The trust, formed in 2003, supports the construction of new homes and provides financial support for homebuyers, HEART executive director Chris Mohr said. The trust provides loans to builders -- most often non-profit builders -- to construct, upgrade or renovate affordable housing, Mohr said.
The trust has invested $5.25 million in four developments resulting in nearly 500 new and renovated apartments, and currently holds about $1.25 million in funds to help build or renovate more affordable housing.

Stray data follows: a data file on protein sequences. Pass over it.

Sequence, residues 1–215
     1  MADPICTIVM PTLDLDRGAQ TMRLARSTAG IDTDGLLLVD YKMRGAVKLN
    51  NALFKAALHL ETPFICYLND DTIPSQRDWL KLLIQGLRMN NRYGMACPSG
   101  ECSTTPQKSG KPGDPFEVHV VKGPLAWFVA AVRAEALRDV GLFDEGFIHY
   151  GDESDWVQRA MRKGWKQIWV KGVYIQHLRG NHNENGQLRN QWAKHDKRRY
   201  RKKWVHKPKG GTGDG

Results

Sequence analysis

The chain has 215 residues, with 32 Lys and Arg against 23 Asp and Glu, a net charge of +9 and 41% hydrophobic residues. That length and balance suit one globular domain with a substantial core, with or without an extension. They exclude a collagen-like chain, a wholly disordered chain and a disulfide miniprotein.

Belmont was previously a member of the HEART joint powers authority, the trust's governing body, but withdrew due to financial constraints, Mohr said. Cities pay dues to fund the administration of the trust fund, and the city of Belmont withdrew during a budget crunch, he said.
With Belmont as a member again after the council's 5-0 vote Tuesday night, all 20 cities, as well as the county, are members of the HEART joint powers authority.
"HEART congratulates Belmont for joining this countywide effort to fund affordable homes for people who live, work and grow up here," Mohr said. "Belmont will be a key partner in our efforts."
The HEART board of directors is made up of 11 county elected officials and nine members from the private sector, Mohr said.